So let the way wind up the hill or down, O'er rough or smooth, the journey will be joy: Still seeking what I sought when but a boy, New friendship, high adventure, and a crown, My heart will keep the courage of the quest, And hope the road's last turn will be the best.

Written by Maya Angelou |

The Rock Cries Out to Us Today

 A Rock, A River, A Tree
Hosts to species long since departed,
Mark the mastodon.
The dinosaur, who left dry tokens Of their sojourn here On our planet floor, Any broad alarm of their of their hastening doom Is lost in the gloom of dust and ages.
But today, the Rock cries out to us, clearly, forcefully, Come, you may stand upon my Back and face your distant destiny, But seek no haven in my shadow.
I will give you no hiding place down here.
You, created only a little lower than The angels, have crouched too long in The bruising darkness, Have lain too long Face down in ignorance.
Your mouths spelling words Armed for slaughter.
The rock cries out today, you may stand on me, But do not hide your face.
Across the wall of the world, A river sings a beautiful song, Come rest here by my side.
Each of you a bordered country, Delicate and strangely made proud, Yet thrusting perpetually under siege.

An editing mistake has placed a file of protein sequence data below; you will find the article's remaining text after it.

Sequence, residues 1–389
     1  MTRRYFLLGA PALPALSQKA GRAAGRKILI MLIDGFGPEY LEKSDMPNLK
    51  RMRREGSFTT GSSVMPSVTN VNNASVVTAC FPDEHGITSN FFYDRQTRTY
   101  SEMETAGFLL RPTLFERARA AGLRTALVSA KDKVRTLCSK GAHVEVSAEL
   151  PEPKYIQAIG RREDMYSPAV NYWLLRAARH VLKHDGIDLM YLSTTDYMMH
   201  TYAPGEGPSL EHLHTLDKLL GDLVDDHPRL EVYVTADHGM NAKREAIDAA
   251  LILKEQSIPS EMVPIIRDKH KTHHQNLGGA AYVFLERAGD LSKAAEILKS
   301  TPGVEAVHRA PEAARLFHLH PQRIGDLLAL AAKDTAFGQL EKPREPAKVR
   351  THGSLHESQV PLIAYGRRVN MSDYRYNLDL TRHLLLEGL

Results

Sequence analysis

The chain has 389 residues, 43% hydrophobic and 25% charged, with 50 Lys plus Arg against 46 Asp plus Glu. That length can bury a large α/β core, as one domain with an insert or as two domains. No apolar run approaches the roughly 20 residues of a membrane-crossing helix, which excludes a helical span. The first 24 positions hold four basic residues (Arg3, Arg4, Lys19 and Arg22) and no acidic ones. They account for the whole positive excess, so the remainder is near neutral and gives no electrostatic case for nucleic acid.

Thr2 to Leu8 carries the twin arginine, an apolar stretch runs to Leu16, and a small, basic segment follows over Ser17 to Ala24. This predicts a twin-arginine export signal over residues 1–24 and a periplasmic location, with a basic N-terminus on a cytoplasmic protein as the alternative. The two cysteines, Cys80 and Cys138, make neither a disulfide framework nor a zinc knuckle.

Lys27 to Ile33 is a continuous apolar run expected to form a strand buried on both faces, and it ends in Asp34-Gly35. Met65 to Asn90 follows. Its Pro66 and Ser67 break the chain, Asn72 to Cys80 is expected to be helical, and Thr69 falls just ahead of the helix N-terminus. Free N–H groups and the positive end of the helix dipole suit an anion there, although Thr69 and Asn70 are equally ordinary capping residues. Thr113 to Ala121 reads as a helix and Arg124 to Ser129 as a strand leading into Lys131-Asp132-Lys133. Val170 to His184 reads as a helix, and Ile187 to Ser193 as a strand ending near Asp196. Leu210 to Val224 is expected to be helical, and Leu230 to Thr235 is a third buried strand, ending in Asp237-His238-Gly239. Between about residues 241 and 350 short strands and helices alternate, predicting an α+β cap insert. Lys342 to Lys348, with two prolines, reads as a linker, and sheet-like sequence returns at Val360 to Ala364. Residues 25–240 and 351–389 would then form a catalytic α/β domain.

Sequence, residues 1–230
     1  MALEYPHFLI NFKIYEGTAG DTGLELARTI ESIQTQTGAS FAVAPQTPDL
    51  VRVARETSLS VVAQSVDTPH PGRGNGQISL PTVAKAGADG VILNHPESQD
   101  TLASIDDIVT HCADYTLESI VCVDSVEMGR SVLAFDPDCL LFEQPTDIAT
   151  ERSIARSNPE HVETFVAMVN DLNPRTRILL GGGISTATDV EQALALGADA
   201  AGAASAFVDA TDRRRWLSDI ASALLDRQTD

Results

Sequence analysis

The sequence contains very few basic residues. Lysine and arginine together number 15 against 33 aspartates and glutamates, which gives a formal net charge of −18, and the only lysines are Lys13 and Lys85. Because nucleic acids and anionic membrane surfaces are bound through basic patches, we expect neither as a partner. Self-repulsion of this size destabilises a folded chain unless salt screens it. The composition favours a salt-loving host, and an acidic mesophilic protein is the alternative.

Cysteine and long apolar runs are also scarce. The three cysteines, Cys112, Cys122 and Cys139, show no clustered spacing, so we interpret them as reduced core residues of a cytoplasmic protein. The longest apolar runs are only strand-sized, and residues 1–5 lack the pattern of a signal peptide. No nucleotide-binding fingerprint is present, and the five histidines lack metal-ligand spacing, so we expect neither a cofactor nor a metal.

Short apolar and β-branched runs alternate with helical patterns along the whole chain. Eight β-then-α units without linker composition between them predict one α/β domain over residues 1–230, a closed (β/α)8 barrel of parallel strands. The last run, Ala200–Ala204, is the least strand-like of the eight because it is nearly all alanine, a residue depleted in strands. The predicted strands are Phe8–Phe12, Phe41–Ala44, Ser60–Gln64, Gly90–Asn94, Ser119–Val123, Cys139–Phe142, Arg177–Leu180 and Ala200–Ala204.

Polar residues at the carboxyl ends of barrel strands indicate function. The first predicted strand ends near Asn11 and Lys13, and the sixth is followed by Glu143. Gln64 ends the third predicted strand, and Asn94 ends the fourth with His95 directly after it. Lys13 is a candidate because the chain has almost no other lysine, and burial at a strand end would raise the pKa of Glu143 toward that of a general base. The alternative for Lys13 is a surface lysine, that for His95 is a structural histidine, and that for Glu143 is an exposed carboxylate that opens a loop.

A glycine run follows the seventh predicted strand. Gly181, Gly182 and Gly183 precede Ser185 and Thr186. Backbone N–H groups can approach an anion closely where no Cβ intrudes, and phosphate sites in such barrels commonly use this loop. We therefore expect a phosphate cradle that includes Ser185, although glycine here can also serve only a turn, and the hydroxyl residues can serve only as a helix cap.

Your armed struggles for profit Have left collars of waste upon My shore, currents of debris upon my breast.
Yet, today I call you to my riverside, If you will study war no more.
Come, clad in peace and I will sing the songs The Creator gave to me when I And the tree and stone were one.
Before cynicism was a bloody sear across your brow And when you yet knew you still knew nothing.
The river sings and sings on.
There is a true yearning to respond to The singing river and the wise rock.
So say the Asian, the Hispanic, the Jew, The African and Native American, the Sioux, The Catholic, the Muslim, the French, the Greek, The Irish, the Rabbi, the Priest, the Sheikh, The Gay, the Straight, the Preacher, The privileged, the homeless, the teacher.